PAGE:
The Basement Tapes, Summerhall, Review

Rating (out of 5)
Show info
Zanetti Productions.
Stella Reid (creator), Jane Yonge (creator/director), Thomas Lambert (creator/sound designer), Oliver Morse (creator/spatial designer).
Stella Reid. (A rota of guest actors play Pizza Delivery Guy).
Running time

We are shut in a basement, seemingly unaccompanied by an actor, when out of the darkness comes an uncertain voice – “Hello, hello; is there anybody there?”.

“I know what I want … one large vegetarian, thin crust, no cheese”. This is a precursor of how this production will toy with the audience’s senses as it moves from light to dark.

Dancing to Kanye West’s “Fade”, throwing shapes in hard-core rebellion against the shadows, a young woman tries to make a dent on the hoarded contents of her late Grandma’s basement. She is playing games to make it less of a chore, solving puzzles in carefully folded newspapers and pulling random words from a classic French cookery book inscribed with “Happy Birthday Mum, please learn to cook”.

She sifts through items, putting on an old dressing gown and a scarf, the scent redolent of times past. Another gift was a cassette recorder, the inserted tape
a magazine programme on women’s liberation, interrupted by an advert for the latest fashion in ladies’ coats. The coat pocket offers up a tape and the voice of an old lady crackles back into existence.

She may be forgetful, but this is a story she can’t fail to recall, one of a lone car journey in the summer of 1971 on dark back country roads when she comes across … The tape ends.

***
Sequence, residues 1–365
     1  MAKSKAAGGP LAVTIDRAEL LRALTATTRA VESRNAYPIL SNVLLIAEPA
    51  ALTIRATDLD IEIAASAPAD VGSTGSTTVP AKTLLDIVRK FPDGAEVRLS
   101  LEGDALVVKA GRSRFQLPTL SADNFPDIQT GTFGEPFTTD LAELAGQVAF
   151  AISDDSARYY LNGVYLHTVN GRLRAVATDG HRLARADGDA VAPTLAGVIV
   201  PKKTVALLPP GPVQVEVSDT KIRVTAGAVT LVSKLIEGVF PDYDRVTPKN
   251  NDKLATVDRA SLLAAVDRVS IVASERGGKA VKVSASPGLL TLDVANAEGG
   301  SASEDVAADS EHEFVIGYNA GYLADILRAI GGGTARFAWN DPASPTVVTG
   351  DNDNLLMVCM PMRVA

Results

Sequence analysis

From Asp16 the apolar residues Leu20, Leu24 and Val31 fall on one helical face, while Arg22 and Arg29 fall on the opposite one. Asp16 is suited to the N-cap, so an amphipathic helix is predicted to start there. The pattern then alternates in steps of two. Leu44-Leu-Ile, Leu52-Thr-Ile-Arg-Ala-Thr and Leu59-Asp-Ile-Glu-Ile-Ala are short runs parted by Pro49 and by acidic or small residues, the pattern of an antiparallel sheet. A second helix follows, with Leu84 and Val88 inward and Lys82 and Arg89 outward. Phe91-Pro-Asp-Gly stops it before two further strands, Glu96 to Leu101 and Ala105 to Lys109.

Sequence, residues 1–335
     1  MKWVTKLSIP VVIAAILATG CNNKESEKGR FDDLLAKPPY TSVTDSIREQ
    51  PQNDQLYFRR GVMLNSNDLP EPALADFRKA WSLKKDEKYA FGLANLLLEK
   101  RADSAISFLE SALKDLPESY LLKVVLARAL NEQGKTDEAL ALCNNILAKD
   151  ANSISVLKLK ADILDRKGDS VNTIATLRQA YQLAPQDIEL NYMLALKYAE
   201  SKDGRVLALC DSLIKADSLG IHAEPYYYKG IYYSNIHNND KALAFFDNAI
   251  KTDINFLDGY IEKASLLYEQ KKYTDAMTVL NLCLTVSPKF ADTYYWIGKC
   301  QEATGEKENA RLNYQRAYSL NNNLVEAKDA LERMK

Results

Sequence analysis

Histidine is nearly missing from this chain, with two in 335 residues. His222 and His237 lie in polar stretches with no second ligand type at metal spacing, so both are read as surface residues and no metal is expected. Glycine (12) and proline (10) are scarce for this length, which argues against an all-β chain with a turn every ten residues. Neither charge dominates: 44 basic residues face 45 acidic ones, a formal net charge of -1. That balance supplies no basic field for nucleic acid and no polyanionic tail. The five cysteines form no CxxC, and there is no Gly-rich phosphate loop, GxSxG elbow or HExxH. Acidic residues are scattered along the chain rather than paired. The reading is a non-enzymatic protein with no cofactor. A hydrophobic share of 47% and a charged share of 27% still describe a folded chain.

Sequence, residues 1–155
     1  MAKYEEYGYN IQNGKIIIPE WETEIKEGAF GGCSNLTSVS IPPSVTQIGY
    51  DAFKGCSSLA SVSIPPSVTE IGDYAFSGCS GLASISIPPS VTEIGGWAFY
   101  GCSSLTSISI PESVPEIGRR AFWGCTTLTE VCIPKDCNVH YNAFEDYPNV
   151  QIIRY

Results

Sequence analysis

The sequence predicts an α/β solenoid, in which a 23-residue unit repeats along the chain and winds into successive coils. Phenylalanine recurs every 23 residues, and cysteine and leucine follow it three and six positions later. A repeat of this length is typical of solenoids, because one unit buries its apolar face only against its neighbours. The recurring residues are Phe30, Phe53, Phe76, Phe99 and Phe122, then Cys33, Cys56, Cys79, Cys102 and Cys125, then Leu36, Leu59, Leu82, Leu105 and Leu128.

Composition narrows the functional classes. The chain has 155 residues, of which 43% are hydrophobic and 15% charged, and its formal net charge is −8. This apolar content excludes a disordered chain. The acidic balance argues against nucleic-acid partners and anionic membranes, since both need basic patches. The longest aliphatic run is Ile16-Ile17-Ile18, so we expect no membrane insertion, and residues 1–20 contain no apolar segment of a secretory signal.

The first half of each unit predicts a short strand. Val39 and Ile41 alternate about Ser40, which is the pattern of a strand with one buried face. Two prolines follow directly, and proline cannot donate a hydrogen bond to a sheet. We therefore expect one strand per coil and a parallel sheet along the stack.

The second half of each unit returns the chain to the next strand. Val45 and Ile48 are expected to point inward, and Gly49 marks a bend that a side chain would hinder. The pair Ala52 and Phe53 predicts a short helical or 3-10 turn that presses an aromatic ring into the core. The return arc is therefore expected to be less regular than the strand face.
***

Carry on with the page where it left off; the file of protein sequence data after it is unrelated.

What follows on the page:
But what did she see? Her granddaughter plays out good cop, bad cop looking for evidence and trying to take back control of the story. Things are getting weird, it’s almost as if her Grandmother is here, talking to her directly.

There were things she had never asked her grandmother but also things she never expected to hear. With the discovery of a second tape the tension rises, reality unravels and the plot takes that old stored rug and pulls it right out from under you.

The production is a mix tape of genres, jumping between them, continually swapping sides. It’s brave theatre than leaves an audience in darkness with just a recording. Reid’s masterful performance is naturalistic and believable no matter how otherworldly things get. The impressive sound and lighting take it roaring into a flickering dark crescendo.

A unique thrilling piece of theatre on the things we keep and secrets that can never be given away.

Show Times: 1st to 26th (not 2, 13, 20) August 2018 at 6.30pm.

Suitability: 12+